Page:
Natural-born leader returns to tackle Australia

One of Ireland’s greatest internationals, Seán Cavanagh, is glad to be back after a controversial summer

Ireland’s Seán Cavanagh is proud to wear the Ireland jersey. Photograph: Cathal Noonan/Inpho

Ireland’s Seán Cavanagh is proud to wear the Ireland jersey. Photograph: Cathal Noonan/Inpho

Fri, Oct 18, 2013, 01:00

He’s by far the most experienced Ireland player going into this weekend’s first test against Australia. With 10 tests played and another couple missed because of injury and questionable selection policy, Seán Cavanagh is one of the greatest of Ireland’s players over the three decades of the international game.

His contribution to the game was summed up five years ago when in the delicate circumstances of rebuilding the relationship with the AFL after the suspension of the series in 2007 he did an exceptional job as Ireland captain – both on the field and in discharging diplomatic duties off it – in getting the international project back on track.

Yet heading into his sixth series, he volunteers a reference to the defining controversy of his championship this year, a season in which he was so good that he is as close as can be got to an assured All Star next month.

As if still trying to explain his motivations for the rugby tackle on Monaghan’s Conor McManus – now one of his international team-mates – which caused the furore of the summer.

Expressed interest
Speaking yesterday after Ireland’s training session in Cavan, Cavanagh is asked about the years that a couple of AFL clubs expressed interest in signing him, he recounts the details before outlining how his two worlds of accountancy and covering centrefield collided.

“Back in ‘04, ‘05 Brisbane offered me a two-year contract to go out and play for them. Carlton offered me a contract a year or two later to go out and play with them.

“Genuinely, if I was to turn back time I still would do exactly the same. It’s a bit like the Conor McManus tackle during the year, you almost think of things with a risk and reward and to me, I wasn’t willing to risk the two or three years I was going to lose, or possibly the ability I was going to lose, to go out and play in Australia to what I had at home. I’ve had a good run with n Tyrone and I’ve never regretted it.”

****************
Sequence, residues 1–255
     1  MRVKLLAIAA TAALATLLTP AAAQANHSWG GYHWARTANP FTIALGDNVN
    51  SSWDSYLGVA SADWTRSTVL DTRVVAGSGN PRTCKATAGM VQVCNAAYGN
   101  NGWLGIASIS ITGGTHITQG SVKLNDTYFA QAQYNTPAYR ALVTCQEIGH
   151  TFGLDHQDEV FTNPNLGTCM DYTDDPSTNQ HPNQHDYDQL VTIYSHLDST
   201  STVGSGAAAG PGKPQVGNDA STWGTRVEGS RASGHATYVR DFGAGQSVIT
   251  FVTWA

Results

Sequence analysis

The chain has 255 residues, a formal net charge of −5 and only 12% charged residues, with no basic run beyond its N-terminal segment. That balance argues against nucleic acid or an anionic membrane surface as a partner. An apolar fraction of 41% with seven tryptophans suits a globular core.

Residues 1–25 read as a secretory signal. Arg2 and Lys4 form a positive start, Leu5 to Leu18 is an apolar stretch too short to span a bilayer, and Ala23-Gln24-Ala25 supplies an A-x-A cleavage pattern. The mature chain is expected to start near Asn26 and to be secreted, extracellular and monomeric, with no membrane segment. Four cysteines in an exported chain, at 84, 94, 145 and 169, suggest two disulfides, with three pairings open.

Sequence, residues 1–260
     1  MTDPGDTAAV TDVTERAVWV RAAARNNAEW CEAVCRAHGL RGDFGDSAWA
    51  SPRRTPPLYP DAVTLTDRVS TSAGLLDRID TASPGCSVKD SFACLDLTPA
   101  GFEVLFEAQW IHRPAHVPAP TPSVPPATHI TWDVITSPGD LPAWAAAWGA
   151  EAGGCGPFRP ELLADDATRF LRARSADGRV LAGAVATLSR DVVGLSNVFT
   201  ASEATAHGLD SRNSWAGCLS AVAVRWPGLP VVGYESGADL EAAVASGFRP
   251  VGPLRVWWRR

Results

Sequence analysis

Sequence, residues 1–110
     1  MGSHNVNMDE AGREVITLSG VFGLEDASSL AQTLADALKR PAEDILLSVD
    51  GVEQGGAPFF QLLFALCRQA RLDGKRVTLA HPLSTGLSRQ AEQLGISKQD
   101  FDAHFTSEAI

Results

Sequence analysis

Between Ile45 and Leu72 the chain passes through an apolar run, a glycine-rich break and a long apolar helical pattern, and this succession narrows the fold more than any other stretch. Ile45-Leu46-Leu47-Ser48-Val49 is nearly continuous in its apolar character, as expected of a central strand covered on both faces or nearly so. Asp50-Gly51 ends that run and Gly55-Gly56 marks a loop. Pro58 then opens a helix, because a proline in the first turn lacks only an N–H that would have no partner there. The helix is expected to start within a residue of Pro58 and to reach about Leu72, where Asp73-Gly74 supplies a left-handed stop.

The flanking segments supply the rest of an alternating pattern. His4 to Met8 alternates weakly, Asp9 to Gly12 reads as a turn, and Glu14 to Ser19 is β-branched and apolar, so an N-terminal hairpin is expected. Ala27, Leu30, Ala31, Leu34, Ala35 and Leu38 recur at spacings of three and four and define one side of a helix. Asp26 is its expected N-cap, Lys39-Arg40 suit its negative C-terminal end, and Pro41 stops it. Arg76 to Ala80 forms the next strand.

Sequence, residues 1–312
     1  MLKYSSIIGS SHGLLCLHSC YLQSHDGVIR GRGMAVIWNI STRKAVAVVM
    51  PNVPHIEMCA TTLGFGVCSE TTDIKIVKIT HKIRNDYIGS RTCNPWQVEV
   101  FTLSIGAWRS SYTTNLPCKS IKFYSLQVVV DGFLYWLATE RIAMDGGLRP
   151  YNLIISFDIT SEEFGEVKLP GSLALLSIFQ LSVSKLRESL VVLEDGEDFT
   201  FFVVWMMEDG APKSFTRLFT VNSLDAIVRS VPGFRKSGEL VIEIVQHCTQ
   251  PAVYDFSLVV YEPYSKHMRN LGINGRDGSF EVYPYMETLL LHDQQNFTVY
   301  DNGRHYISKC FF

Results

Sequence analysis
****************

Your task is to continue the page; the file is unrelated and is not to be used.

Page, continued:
Media interest piqued, the obvious supplementary arrives: how does he regard all of the fuss back in August? He is unrepentant about the foul, which may have cost Monaghan the chance of a decisive goal.

“Myself and Conor have probably spent more time together in this Irish camp than anyone. I’ve never really worried too much about it because it’s one of those things that if it was going to happen again, and ok it can’t happen again because the black card is coming into play, but you would do it. At the same time I knew obviously exactly what I was doing, stopping a goal scoring opportunity.

‘Changed the balance’
“A goal at that stage would probably have changed the balance of play, but, yeah, it’s nothing I lost any sleep over.”

He says he knew what would happen, the controversy that would erupt, as he had committed a similar foul the previous week. “I knew it right away once I did it. Ach, you live with these things.

“Unfortunately, I would count myself as somebody who just wants to win games and it’s that kind of instinctive thing. I would never do it to hurt anyone and people have come in many times to hurt me.”

Although it’s been a long season, he never wavered in his desire to play in the tests. “It’s a big motivator to be called to play it, obviously some players decline the invitation but to me, to pull on that Irish jersey is a big honour and I am lucky to have done it 10 times.”

He caused muttering in Tyrone when comparing the experience of captaining a successful team five years ago with winning All-Irelands and is more circumspect now. “It’s reasonably high up there. Whenever you are standing there as captain of an Irish team, thousands of miles away in Australia, standing in the line-up listening to Amhrán na bhFiann and the tricolours in the stand, you are just fierce pride-filled.

“Some people don’t agree with the series and don’t agree with the rules but for me personally, it’s the highest I can go in terms of my football.”